Occupy Pittsburgh Plans Downtown March and Rally
Mary Ellen Persuit recently attended the Tar Sands pipeline protest in Washington, DC, organized the Gasland screening at the Sewickley Library, and became involved in the Marburger Dairy protest in Butler County.
The Sewickley resident now has plans for Oct. 15.
That’s when organizers of Occupy Pittsburgh plan to take action in Western Pennsylvania, joining a movement that has spread internationally from the initial Wall Street demonstrations.
Persuit said the time for action is now.
“We’ve lost our communities. We’re losing our middle class in the name of the dollar bill. And that’s why we are trying to rise up with the little bit of the democracy we have left before money takes over,” Persuit said.
An estimated 300 people interested in joining the grassroots movement attended the first meeting Oct. 5 at the First Unitarian Universalist Church in Shadyside.
Nathaniel Glosser, who is helping to organize the Pittsburgh event, said the group held a second meeting Sunday night and collectively came up with a plan for action.
Occupy Pittsburgh plans to seek a permit for a large-scale march and rally from 10 a.m. to 3 p.m. Saturday in and around Downtown. Following the march and rallies, Glosser said, the group planned to start an occupation in a location yet to be determined.
“We’re not positive where it’s going to be yet. There are several options, but we’re going to work with the city to make this happen and we’re willing to be flexible in a short period of time,” Glosser said.
Glosser said the occupation would probably take on a number of different forms and may take place in a number of places.
“It’s going to be a 24-7 occupation,” he said.
Pittsburgh’s event will coincide with a worldwide event called for Saturday, but Glosser said Occupy Pittsburgh isn’t formally connected with Occupy Wall Street, though the local movement is inspired by the Wall Street demonstrations and stands with it in solidarity.
Glosser, an experienced organizer and longtime activist, said the initial movement caught his eye as soon as it began. He is excited about it, he said.
“This, I believe, is going to result in a critical mass of people who are demanding real change and I’ve got to be a part of that,” he said.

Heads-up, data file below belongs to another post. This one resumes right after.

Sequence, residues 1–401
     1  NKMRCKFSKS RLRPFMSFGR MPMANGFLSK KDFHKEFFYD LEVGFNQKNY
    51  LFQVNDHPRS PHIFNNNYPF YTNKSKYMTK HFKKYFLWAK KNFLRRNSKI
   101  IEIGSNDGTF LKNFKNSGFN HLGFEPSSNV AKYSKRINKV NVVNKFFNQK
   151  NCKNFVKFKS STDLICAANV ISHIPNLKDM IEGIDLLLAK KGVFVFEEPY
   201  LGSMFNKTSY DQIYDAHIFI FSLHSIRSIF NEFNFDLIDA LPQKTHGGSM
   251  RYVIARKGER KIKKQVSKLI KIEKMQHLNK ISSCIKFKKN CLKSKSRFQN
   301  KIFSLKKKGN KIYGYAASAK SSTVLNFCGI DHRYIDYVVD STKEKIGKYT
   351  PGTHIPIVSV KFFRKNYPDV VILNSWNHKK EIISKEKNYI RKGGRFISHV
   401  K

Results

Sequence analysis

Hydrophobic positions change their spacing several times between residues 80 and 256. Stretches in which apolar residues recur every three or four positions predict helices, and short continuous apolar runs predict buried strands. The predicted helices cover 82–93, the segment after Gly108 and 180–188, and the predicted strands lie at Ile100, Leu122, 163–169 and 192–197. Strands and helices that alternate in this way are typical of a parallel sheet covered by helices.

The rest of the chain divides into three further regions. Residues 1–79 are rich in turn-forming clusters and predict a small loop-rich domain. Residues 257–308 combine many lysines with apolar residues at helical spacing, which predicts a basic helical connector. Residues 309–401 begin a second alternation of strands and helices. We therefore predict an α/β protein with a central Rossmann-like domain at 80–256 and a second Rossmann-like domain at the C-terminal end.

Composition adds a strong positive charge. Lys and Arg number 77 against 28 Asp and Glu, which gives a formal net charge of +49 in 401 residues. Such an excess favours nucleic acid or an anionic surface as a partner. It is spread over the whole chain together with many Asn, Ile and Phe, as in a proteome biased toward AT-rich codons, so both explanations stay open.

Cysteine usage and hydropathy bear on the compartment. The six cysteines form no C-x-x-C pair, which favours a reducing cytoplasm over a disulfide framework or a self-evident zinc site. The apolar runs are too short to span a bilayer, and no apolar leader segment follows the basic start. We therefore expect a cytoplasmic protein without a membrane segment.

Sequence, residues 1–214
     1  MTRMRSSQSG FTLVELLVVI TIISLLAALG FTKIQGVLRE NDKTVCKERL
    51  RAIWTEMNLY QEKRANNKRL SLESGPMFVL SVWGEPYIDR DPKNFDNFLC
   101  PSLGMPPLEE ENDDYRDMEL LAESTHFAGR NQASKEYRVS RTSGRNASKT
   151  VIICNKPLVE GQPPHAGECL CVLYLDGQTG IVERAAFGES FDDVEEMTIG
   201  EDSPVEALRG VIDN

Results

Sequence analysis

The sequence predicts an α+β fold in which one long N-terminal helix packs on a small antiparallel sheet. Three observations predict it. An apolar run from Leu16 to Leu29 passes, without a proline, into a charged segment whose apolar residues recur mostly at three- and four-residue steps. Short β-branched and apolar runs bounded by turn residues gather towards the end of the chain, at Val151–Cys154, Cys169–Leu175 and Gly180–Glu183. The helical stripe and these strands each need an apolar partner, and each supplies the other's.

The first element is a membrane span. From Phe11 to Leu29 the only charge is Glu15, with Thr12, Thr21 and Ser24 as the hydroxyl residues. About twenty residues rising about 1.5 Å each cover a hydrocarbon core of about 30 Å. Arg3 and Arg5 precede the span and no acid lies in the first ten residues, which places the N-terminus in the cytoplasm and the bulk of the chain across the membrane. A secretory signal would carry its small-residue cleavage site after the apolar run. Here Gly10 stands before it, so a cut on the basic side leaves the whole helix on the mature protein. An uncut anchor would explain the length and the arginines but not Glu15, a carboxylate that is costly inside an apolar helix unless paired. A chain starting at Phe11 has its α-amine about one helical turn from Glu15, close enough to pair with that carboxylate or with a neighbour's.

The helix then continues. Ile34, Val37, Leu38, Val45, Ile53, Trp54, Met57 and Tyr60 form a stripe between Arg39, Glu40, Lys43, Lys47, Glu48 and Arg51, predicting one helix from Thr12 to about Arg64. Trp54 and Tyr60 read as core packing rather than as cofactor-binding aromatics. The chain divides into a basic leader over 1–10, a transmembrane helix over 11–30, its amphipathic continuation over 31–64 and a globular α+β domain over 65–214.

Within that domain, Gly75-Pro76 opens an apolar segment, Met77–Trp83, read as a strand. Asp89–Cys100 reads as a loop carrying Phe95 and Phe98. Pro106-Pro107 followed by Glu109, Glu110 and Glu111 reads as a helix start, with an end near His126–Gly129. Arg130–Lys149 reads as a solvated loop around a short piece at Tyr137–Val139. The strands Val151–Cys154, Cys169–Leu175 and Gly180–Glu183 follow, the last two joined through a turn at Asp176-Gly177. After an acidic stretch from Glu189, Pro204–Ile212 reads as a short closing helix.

Glosser said the solidarity movement demands “freedom from the culture of corporate greed and corruption, and undue political influence that has destroyed our economy and disrupted lives throughout the U.S. and the world.”
He said more than 100 groups have formed in cities across the U.S. and more than 50 internationally, following in the path of Occupy Wall Street. In Pittsburgh, Glosser said, there’s a remarkable energy.
“Our numbers seem to be doubling every couple of days,” he said.
The movement, which began four weeks ago, has been met with criticism. Many critics have said the Occupy movement lacks a specific message and is based on anger over the economy rather than facts.
Persuit said that’s simply not true.
“Money is creating gridlock in our government to the point where the people’s voices aren’t being heard. These people want to be and need to be heard because the middle class is being annihilated.”
Glosser said anyone interested in learning more can call 724-343-1433
The group also has a website, occupypittsburgh.org, which is currently being redesigned.
Occupy Pittsburgh Protest Planned
PITTSBURGH — A western Pennsylvania group saysit’s planning a protest this month in Pittsburgh modeled on the Occupy Wall Street events that have made headlines in New York and several other large cities.
Occupy Pittsburgh has a Facebook page, and organizers held a meeting Wednesday night at the First Unitarian Church in Shadyside.
The group of about 300 didn’t arrive at any firm plans, except to say they’ll organize some sort of downtown protest on Oct. 15, according to a Pittsburgh Post-Gazette report.
A protest in New York resulted in 700 arrests on the Brooklyn Bridge on Saturday. Other cities include Boston, Seattle and Tampa, Fla.
Protesters are drawing attention to several issues — including corporate greed and income inequality — but mostly unemployment.